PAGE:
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SINGAPORE, Dec 9 (Reuters) – Ship fuel prices have plummeted to lows not seen in over a decade, pulled down by a rout in crude oil prices as a result of a global glut just as demand for marine fuel slows on the back of Asia’s weakening economies.
The benchmark end-user price for marine fuels, also known as bunker, Singapore’s 380-centistoke grade bunker fuel , closed at $183.21 per metric tonne on Tuesday, almost $10 lower from the previous day and at levels last seen in January 2005.
Singapore is the world’s main shipping fuel hub, trading over 40 percent of it globally.
The fall in bunker fuel follows the tumble in crude prices after the Organization of Petroleum Exporting Countries ended their meeting last week without even mentioning production targets, indicating that members will continue to pump near record levels. OPEC members now seem to be defending market share against one another internally and against competitors like Russia and North America.
The average daily fuel cost to operate a Very Large Crude Carrier (VLCC) has fallen from over $75,000 to under $18,000 currently, meaning a sharp reduction in operating costs for shippers.
Despite this fall in costs, bunker traders said that demand from shippers remained weak as they struggle with a slowdown in global seaborne trade.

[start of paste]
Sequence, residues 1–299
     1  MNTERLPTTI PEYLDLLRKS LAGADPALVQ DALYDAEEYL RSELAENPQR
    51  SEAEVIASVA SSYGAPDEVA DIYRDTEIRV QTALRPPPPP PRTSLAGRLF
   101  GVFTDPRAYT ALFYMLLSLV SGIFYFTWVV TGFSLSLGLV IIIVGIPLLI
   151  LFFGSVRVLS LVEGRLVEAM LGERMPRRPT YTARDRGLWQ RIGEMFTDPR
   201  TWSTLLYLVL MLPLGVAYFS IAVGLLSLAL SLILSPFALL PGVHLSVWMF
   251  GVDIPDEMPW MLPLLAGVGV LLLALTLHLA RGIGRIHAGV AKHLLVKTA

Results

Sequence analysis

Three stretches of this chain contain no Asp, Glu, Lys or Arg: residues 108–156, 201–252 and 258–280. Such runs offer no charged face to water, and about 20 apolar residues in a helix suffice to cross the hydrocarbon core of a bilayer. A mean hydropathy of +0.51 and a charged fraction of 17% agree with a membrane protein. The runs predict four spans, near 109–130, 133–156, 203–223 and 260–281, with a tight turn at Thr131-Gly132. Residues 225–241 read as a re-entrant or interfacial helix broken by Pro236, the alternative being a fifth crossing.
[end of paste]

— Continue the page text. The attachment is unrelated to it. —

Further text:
“Although (bunker) prices are low, demand has been weak compared with the same time last year because of mounting pressures on the shipping industry amid slowing global activity,” one bunker fuel trader said.
China, the world’s biggest exporter, reported a 6.8 percent drop in exports in November from a year earlier, while its imports slowed 8.7 percent, as the country’s economy grows at its slowest pace in decades.
Another trader said that demand would only increase if the average distance of ships’ voyages rose and if ship owners filled their tanks in anticipation of a price rise. Yet, with the oil supply glut expected to last well into next year and the economic outlook also not improving, this is seen as unlikely.
(Additional reporting by Jessica Jaganathan; Editing by Henning Gloystein and Christian Schmollinger)
(c) Copyright Thomson Reuters 2015.
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